London Porter - British Beerline

Discussion in 'Recipes for Feedback' started by Thurston Brewer, Nov 26, 2016.

  1. Thurston Brewer

    Thurston Brewer Active Member

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    Next in my lineup will be a London Porter. My porter would be full and smooth, with caramel/toffee overtones and enough bitter for balance. Just a touch of sweet, with a light, herbal hop fragrance.

    London Porter

    Recipe Specs
    ----------------
    Batch Size (G): 3.0
    Total Grain (lb): 6.500
    Total Hops (oz): 1.00
    Original Gravity (OG): 1.056 (°P): 13.8
    Final Gravity (FG): 1.017 (°P): 4.3
    Alcohol by Volume (ABV): 5.17 %
    Colour (SRM): 23.5 (EBC): 46.3
    Bitterness (IBU): 23.5 (Tinseth)
    Brewhouse Efficiency (%): 70
    Boil Time (Minutes): 90

    Grain Bill
    ----------------
    5.000 lb United Kingdom - Maris Otter Pale (76.92%)
    1.000 lb American - Caramel / Crystal 60L (15.38%)
    0.250 lb American - Carapils (Dextrine Malt) (3.85%)
    0.250 lb American - Chocolate (3.85%)

    Hop Bill
    ----------------
    0.50 oz Whitbread Golding Pellet (6% Alpha) @ 60 Minutes (Boil) (0.2 oz/Gal)
    0.50 oz Whitbread Golding Pellet (6% Alpha) @ 10 Minutes (Boil) (0.2 oz/Gal)

    Misc Bill
    ----------------
    0.03 oz Baking Soda @ 0 Minutes (Mash)
    0.01 oz Calcium Carbonate @ 0 Minutes (Mash)
    0.06 oz Calcium Chloride @ 0 Minutes (Mash)
    0.03 oz Epsom Salt (MgSO4) @ 0 Minutes (Mash)
    0.03 oz Gypsum (Calcium Sulfate) @ 0 Minutes (Mash)

    Single step Infusion at 155°F for 60 Minutes.
    Fermented at 68°F with British Ale Yeast WLP005

    Notes
    ----------------
    Design:
    Round, medium body. Malty, caramel or toffee
    Mild bitterness. Slightly sweet. Herbal hop flavor.

    Process:
    Mash temp: 155 °F Mash pH: 5.4

    Recipe Generated with Brewer's Friend
     
  2. Yooper

    Yooper Administrator
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    I'd add a bit of brown malt to the porter- it has the subtle roast and depth that I think really makes a great English porter, without an acrid burnt roast flavor. I'd take out the carapils and instead use a darker crystal- say an English crystal in the 80/90L range, for slight hints of almost toffee (but not quite that "burnt" toffee of darker crystal/caramel malts). Or go with 30L and 90L, in a mix, to have a slightly caramel flavor along with the hints of toffee. I'd keep the crystal at 13-15%, max, or a bit lower, instead of 18%.
    I'd also use baking soda instead of chalk for mash pH manipulation, since chalk doesn't dissolve well without extraneous measures (like bubbling CO2 through the water). I'd go with all calcium chloride, for the calcium, and and leave out the gypsum. I also like my porters with a mash pH of 5.5 or so, instead of lower. You defintely don't want the magnesium sulfate, but without knowing the actual water makeup it's hard to say for sure. All you really need for flavor is calcium chloride, and then the baking soda if you have to adjust the mash pH. Adding sulfate may not work with your goals on this beer, if I understand it right.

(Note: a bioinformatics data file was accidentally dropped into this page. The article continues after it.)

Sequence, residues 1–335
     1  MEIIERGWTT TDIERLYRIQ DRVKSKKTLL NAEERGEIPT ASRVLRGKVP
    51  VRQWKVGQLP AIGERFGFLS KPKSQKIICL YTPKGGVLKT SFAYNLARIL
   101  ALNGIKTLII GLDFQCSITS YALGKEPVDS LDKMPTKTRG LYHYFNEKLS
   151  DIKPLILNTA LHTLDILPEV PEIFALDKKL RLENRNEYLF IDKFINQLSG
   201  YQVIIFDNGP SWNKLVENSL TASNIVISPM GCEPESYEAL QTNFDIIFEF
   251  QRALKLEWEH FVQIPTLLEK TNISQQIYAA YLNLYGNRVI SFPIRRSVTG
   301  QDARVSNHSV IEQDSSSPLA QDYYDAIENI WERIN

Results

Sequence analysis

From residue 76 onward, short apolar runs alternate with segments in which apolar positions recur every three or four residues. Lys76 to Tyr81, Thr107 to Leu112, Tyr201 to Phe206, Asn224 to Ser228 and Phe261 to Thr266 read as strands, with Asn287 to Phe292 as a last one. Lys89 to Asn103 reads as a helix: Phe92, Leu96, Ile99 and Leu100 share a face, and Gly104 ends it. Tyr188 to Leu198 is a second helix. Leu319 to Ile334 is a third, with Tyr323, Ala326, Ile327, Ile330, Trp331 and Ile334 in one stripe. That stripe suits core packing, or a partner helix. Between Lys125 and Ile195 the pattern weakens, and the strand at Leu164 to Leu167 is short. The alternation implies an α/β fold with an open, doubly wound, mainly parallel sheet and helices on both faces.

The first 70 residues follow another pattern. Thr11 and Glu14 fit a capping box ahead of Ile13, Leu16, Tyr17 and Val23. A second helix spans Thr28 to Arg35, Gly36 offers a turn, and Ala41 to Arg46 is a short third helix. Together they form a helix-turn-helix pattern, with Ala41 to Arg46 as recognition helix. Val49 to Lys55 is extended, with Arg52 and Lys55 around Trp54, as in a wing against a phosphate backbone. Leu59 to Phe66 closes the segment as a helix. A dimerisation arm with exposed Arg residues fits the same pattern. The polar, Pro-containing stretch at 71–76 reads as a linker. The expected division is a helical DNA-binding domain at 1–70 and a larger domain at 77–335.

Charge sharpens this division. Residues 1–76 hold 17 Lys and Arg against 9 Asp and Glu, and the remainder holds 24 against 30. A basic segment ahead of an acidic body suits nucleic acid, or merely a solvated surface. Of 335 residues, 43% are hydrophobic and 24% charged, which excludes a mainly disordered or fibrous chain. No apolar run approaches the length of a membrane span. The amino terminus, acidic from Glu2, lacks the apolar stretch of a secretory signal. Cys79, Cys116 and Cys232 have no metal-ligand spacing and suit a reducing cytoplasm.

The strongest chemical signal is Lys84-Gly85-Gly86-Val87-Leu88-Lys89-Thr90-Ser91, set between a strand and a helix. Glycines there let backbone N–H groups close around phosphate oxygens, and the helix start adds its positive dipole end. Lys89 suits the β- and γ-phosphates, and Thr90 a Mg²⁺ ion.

I've not used Whitbread Golding (never even saw them!) so I can't comment on the hopping.
    A good porter sounds great right now!
     
  3. Thurston Brewer

    Thurston Brewer Active Member

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    #3 Thurston Brewer, Nov 26, 2016
    Last edited: Nov 26, 2016
    Thanks for the very detailed suggestions, Yooper. I love getting this kind of feedback. Let's address the points individually:

    Excellent.. just what I'm looking for. Brown instead of the chocolate, or in addition to it?
    Also, my LHBS has 'Crisp Brown', Goldswaen Brown Malt, and Briess Carabrown. Which one would fit best?

    Again, very helpful guidance. I like using crystal instead of carapils since the latter doesn't help with flavor. As long as I can get the body and head retention from the crystal, I'm good.

    I'm using dead soft water, so all minerals must be added. I have been working from the Bru'n Water spreadsheet, using the Brown Full profile built-in:
    upload_2016-11-26_8-17-43.png

    I'm using mostly Baking Soda and just a bit of chalk which brings the calcium to just above the recommended level. Everything else is nailed pretty closely. The sulfate/chloride ratio (S/C) is shown as 0.83 (50/60 ppm). This works perfectly to bring the Mag. to the recommended 5 ppm. If I pull the Epsom, S/C would drop to 0.5 and Mag. to zero. Or I could pull the Gypsum and S/C would be 0.36, and that would leave a little room for more calcium from elsewhere...

    I have it set to mash at about 5.4.. I could bring that up a bit, but adding more baking soda would push my sodium above recommendations (I don't really want a salty porter) so I would have to increase the chalk to avoid that. My plan for chalk is to bottle it up in some carbonated water a week in advance to give it a chance to dissolve. That should work, shouldn't it?

    I've not used them either... LHBS lists them as 'WGV'. I wanted to stick to English varieties and what's available at LHBS. BYO describes WGV as "Quite pleasant and hoppy, moderately intense, slightly spicy." Thought I'd give them a try.